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All Golds-Oxford Merger, is it still on?

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24 minutes ago, Oliver Clothesoff said:

But how much interest is there in those cities, who’s stumping up the bill and where will 25 players come from?

Probably very little at present, though we can't know with any certainty. The question isn't necessarily what reach the sport has now but what foothold it might plausibly be capable of gaining. How much interest in rugby league was there perceived to be in Toronto, or for that matter Melbourne, until recently?

As to the question of who's going to stump up the bill, the answer to that is most likely no-one as it stands. But then they have nothing to be commercially attracted to. Manchester Rangers are a case in point. They might be embryonic now but they potentially offer an absolutely golden opportunity if managed properly. They currently have the use of excellent facilities that are easy to get to, and are well-positioned to make the most of partnerships with a range of local schools and colleges. Most crucially though, cities attract people. Purely by dint of their location, they'd be primed, in time, to bring in the kind of blue chip sponsorship and investment that we're crying out in a way that towns like Wigan, St Helens, Castleford, Widnes, and before you say it, Leigh, never can. Any forward thinking ruling body (yes, I know) should recognise that this could be very fertile ground and do all they can to help them progress. For a start, it would be much easier to generate interest from a financial backer if they had promise of a place in the professional/semi-professional league structure.

I'd posit that in the short to medium term, Manchester Rangers would be a very appealing proposition for players at the lower level, and in the long-term the club would hopefully be in a position to develop their own. Should they suddenly be in need of quality players quickly, there are plenty in Australia.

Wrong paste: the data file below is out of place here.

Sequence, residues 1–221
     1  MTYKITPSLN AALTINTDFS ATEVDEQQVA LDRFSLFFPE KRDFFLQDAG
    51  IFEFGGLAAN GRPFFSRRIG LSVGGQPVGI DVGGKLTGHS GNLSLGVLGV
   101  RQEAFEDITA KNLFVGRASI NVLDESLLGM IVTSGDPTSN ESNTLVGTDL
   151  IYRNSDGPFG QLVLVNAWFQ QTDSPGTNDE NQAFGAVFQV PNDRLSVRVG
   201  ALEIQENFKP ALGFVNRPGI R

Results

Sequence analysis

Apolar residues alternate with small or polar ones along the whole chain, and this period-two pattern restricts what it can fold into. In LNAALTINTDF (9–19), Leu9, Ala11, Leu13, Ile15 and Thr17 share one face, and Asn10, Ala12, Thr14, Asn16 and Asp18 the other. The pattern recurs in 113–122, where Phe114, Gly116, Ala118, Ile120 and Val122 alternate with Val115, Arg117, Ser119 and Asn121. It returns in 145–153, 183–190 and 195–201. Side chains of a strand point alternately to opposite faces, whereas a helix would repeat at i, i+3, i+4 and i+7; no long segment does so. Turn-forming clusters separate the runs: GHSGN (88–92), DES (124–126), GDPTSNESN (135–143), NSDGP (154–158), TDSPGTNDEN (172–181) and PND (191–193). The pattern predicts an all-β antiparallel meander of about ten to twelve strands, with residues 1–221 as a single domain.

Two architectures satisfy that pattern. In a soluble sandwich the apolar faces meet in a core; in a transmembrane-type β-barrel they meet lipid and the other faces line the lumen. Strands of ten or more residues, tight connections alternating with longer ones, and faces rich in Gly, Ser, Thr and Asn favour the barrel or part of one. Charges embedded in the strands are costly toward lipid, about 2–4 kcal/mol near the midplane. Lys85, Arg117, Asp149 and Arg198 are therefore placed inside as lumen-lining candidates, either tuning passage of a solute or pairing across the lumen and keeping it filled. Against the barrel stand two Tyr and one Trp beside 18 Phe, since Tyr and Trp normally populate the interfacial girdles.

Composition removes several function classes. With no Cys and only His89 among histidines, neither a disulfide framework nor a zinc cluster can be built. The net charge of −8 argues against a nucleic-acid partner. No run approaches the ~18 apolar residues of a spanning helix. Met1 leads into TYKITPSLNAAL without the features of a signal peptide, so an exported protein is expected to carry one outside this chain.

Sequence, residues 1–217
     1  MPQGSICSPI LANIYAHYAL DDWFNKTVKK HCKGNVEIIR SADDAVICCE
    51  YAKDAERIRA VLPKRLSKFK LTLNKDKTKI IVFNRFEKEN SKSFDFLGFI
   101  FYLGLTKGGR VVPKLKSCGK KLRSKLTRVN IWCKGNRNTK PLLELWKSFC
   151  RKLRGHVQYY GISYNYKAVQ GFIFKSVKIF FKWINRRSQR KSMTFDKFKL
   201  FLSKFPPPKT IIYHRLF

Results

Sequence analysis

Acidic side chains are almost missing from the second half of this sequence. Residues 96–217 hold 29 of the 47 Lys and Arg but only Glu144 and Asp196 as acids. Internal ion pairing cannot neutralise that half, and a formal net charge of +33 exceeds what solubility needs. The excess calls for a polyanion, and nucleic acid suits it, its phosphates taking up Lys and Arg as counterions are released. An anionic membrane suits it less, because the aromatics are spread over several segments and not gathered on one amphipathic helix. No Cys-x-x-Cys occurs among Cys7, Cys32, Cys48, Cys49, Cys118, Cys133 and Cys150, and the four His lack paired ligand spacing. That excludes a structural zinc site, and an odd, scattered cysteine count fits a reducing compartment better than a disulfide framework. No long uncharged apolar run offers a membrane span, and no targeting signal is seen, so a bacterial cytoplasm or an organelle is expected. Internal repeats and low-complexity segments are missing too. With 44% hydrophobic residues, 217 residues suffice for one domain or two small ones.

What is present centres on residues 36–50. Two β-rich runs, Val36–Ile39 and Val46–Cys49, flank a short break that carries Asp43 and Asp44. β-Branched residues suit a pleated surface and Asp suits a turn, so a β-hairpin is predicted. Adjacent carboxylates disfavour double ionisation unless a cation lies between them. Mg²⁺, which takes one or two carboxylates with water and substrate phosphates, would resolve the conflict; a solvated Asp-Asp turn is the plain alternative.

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The reason Toronto are getting such good crowds is that they are winning. I severely doubt you’d get 7000 people turning up to see their team get battered every week. 

Expansion goes one of a few ways. 

1) A rich owner comes in and invests not just in the playing squad but appoints a great team of administrative and marketing staff. Eg Toronto. 

2) A team is created in a part of the country that doesn’t have a lot of interest in rugby league. There’s a tiny playing budget, an even tinier team of staff who unfortunately can’t work miracles. The team is battered most weeks, crowds are low, they announce some half-baked idea to dual-reg with a Super League side and finish the season with having lost 90% of their games.

There needs to be a long term plan put in place if an expansion team is to succeed. 

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37 minutes ago, Moscow01 said:

Expansion goes one of a few ways. 

1) A rich owner comes in and invests not just in the playing squad but appoints a great team of administrative and marketing staff. Eg Toronto. 

2) A team is created in a part of the country that doesn’t have a lot of interest in rugby league. There’s a tiny playing budget, an even tinier team of staff who unfortunately can’t work miracles. The team is battered most weeks, crowds are low, they announce some half-baked idea to dual-reg with a Super League side and finish the season with having lost 90% of their games.

But it doesn't have to always be that way.

39 minutes ago, Moscow01 said:

There needs to be a long term plan put in place if an expansion team is to succeed. 

See: Newcastle Thunder. They roughly fit into your second category, yet now they're winning matches, have a proper youth set-up, are generating close to four-figure attendances, and have a professional-looking social media presence. They might only be baby steps but they're gaining some traction, and they're approaching a stage where they have the foundations to develop into something bigger.

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3 hours ago, Bolton Leyther said:

Probably very little at present, though we can't know with any certainty. The question isn't necessarily what reach the sport has now but what foothold it might plausibly be capable of gaining. How much interest in rugby league was there perceived to be in Toronto, or for that matter Melbourne, until recently?